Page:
Performer rocks the balcony with heartfelt ballads

  • DB2
We all have different methods of coping with lockdown, and Cape Town singer and entertainer Dani Bitton’s way is by entertaining others. With theatres closed around the world, she has found a new outlet to make people’s day – the balcony of her Sea Point flat.
by PETA KROST MAUNDER | Apr 30, 2020

Not only do those living in Sea Point’s flatlands get the benefit of this, but the balcony performances of this 35-year-old talented actress who is undergoing chemotherapy for breast cancer have gone far and wide on social media.

For Bitton, entertaining people is “everything to me … it’s my soul purpose”, she says. “When I sing, I’m in my element. It’s my divine expression. To use my gift to bring joy to others is special.”

Bitton was performing the lead alternate role in the international tour of the musical Evita in China when she was diagnosed with breast cancer and returned home in December 2019. Two operations later, in substantial pain, undergoing chemotherapy and under total lockdown, Bitton still felt the need to perform.

Her first Sea Point show was on 10 April, two weeks into lockdown, when she ventured onto her balcony to great applause through the suburb with her microphone, “rocking her new chemo look”, and the voice of an angel.

“I have a sound amplifying setup at home for singing and DJ-ing so I put my speaker outside and launched into song, singing “Don’t cry for me Quarantina” she told the SA Jewish Report. “My neighbour had to come and press play, but don’t worry, we kept our social distance! I spread the word on social media, Facebook and Instagram that day.”

Initially, 500 of her Facebook friends watched her livestream, and many of them and the fans on Bitton’s Facebook music page shared it with their friends. Social media and word of mouth showed their muscle. “I really didn’t think it was going to reach so many people. I was blown away at the response,” says Bitton.

The reaction was astonishing. Those in flats in the vicinity were out on their balconies in their droves, clapping and cheering for more. Bitton was also so excited about the incredible social media response that she decided to do it again the following night, a Saturday.

“For my second concert, my neighbour, DJ Wulfsohn, had some proper gear in his garage and volunteered to set up a bigger rig and some lights for me on the balcony,” she says. “It was a misty night, and the sound and lights travelled down from above High Level Road, many blocks over to the left and right, and all the way down to Beach Road. It was magical!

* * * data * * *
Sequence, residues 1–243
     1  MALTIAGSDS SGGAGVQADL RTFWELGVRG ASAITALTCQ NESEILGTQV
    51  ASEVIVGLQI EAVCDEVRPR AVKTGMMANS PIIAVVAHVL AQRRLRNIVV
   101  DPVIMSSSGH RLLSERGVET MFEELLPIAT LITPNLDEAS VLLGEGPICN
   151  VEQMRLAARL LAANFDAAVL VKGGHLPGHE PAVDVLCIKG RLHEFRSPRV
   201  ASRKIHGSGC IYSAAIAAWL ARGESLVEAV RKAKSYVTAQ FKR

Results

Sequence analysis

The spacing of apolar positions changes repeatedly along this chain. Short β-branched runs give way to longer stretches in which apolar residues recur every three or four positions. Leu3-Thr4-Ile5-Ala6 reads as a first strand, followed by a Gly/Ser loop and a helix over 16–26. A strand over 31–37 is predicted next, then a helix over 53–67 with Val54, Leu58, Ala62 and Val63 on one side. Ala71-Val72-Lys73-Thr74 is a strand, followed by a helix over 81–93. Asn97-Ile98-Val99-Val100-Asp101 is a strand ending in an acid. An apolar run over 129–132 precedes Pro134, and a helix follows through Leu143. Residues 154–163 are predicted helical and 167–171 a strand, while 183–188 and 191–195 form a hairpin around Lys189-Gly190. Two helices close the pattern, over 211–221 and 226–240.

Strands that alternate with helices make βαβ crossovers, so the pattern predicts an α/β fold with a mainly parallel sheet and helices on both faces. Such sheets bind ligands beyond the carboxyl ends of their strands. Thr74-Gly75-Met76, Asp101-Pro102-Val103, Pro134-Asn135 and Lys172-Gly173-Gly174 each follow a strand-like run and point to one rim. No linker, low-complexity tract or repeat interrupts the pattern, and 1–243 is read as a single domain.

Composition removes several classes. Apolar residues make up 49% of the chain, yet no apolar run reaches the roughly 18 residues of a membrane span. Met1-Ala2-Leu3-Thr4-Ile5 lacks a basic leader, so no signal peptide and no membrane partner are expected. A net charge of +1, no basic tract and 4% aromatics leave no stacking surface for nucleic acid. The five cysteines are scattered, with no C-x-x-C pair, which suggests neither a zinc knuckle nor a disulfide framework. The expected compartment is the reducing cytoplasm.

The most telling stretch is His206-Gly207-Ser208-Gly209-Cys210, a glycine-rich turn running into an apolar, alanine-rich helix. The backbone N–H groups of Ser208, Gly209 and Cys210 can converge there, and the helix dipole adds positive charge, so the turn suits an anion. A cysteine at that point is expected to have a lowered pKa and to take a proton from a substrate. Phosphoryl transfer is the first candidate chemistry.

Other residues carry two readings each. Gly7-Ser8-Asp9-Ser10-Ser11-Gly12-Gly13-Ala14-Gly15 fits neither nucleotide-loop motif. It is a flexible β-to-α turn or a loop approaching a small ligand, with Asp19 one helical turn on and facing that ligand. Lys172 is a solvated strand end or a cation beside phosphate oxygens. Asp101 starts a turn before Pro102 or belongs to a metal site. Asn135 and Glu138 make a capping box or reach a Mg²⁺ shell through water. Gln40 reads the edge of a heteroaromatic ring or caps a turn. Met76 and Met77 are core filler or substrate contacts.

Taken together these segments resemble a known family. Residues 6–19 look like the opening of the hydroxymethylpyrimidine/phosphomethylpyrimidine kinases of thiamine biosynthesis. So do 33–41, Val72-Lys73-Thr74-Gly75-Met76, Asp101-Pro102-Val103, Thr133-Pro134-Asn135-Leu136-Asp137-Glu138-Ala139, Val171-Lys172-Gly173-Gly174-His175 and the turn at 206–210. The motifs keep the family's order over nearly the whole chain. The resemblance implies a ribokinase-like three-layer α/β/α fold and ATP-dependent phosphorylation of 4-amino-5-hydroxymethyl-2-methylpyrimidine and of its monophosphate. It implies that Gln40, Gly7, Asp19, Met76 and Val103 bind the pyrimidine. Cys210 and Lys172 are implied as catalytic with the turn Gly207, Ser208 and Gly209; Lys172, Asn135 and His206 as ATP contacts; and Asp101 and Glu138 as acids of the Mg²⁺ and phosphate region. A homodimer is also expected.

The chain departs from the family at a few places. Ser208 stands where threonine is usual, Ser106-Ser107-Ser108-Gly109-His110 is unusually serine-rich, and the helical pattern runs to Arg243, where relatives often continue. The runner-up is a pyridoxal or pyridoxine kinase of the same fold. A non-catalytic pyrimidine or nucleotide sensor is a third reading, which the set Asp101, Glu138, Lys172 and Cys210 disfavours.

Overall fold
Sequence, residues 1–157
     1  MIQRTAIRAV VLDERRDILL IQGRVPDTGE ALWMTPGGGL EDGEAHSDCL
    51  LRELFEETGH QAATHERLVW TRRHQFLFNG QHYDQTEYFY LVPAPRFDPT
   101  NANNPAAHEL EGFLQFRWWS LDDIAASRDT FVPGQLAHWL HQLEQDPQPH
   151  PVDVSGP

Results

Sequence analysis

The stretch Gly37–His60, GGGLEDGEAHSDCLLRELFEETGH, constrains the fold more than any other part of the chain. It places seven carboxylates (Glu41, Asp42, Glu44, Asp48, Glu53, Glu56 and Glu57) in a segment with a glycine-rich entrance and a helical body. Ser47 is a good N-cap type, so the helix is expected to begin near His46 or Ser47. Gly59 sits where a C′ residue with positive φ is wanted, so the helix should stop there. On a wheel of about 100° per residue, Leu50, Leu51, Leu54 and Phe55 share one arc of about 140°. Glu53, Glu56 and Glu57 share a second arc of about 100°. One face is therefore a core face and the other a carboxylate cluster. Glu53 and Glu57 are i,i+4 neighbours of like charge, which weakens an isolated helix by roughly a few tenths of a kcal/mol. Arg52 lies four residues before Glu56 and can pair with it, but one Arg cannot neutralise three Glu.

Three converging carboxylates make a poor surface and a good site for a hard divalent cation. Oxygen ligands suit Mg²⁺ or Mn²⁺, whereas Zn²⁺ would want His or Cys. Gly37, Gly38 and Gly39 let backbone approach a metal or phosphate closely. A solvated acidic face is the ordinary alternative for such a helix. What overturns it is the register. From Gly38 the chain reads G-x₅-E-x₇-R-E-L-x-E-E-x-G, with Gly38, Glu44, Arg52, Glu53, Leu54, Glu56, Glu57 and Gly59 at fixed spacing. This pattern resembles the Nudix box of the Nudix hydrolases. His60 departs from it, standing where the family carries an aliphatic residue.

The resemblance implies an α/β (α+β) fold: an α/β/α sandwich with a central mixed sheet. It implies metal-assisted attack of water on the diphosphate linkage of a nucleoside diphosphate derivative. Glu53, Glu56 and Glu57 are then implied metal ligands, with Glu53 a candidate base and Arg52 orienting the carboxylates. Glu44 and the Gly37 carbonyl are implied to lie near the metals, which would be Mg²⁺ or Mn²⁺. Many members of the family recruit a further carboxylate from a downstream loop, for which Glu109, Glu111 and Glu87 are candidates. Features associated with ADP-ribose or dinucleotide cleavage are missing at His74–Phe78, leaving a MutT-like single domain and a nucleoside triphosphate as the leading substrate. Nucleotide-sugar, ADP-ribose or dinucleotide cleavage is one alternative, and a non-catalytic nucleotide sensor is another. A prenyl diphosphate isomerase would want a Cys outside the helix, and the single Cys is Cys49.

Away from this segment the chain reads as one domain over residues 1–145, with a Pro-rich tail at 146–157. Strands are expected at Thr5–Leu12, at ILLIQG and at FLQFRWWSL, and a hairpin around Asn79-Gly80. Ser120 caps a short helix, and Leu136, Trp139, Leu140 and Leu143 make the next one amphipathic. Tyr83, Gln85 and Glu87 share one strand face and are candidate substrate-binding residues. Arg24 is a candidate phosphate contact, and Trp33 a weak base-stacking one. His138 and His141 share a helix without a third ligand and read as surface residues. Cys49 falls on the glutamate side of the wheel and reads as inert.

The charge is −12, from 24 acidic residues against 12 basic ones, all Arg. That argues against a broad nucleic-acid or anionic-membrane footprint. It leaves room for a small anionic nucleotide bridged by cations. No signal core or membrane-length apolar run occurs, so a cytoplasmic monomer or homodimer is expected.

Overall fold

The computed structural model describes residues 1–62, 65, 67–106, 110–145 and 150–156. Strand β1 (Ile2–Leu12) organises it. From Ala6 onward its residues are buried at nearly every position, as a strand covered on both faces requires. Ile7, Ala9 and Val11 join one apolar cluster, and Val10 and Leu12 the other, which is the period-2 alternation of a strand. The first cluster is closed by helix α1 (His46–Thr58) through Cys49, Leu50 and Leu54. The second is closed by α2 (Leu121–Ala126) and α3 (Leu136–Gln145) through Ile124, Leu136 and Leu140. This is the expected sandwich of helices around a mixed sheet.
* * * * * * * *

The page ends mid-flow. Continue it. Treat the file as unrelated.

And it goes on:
“The response from my Sea Point neighbours was amazing, and even more people came out to watch, clapping, cheering, and singing along to the up-tempo songs.

The social media response was “even more overwhelming, with both videos going viral”, she says. “I’m truly humbled by the kind words, amazing messages, love, and support I have received from people. It has given me so much strength during this time, and going through this breast cancer journey with its challenges, tough treatments, and uncertainty, I feel so blessed to still be here, still strong, and able to bring some joy to my community during lockdown.”

Bitton says she was inspired to sing on the balcony because in Evita, Eva Peron sang from the balcony of the Casa Rosada in the show. “I miss playing the role so much, and haven’t sung for a while and decided, while I had this window between chemo sessions and was feeling good, I wanted to sing.”

Also inspired by the artists performing on their balconies in Italy, she chose the time just before the 20:00 nightly expression of gratitude for frontline service providers in Cape Town.

Bitton lives on her own, but her mom looks after her for a few days after her chemotherapy when she is particularly weak and sick. Her mother and sibling shop for her as, as being immunocompromised, she may not leave her flat except to go to the hospital for treatments.

She misses being with her family and friends, especially the physical contact. “I just want to hug the ones I love,” she says. “When this chemo and corona is done, I’m going to have a big hugging party.

“When I started my breast-cancer journey, I was petrified about losing my breasts and even more so my hair, but I realised it's a small price to pay compared to losing my life,” she says.

“I always felt like I had to look perfect, I used to obsess about my weight, and I was highly self-critical. Since I’ve gone through this ordeal, I’ve been stripped of my vanity and ego, and I’ve surrendered to it. I’ve lost my two best physical assets, my breasts and my hair, and the truth is, I’ve never felt more liberated and happy because I’ve truly learnt the meaning of loving myself unconditionally.

“I’ve kept a journal throughout my cancer treatments, and have shared my rollercoaster of emotions openly and honestly in a public blog. No mask!” she says.

“That being said, never in my life did I think I would be singing from my balcony with a bald head and not wearing a wig, baring all! But here I am, real, raw, and not wearing any masks. I love singing so much. The performances came from my heart and soul to spread love, hope, and gratitude to our healthcare workers.”

Bitton did a further three balcony concerts on 24, 25, and 30 April. They won’t be her last.


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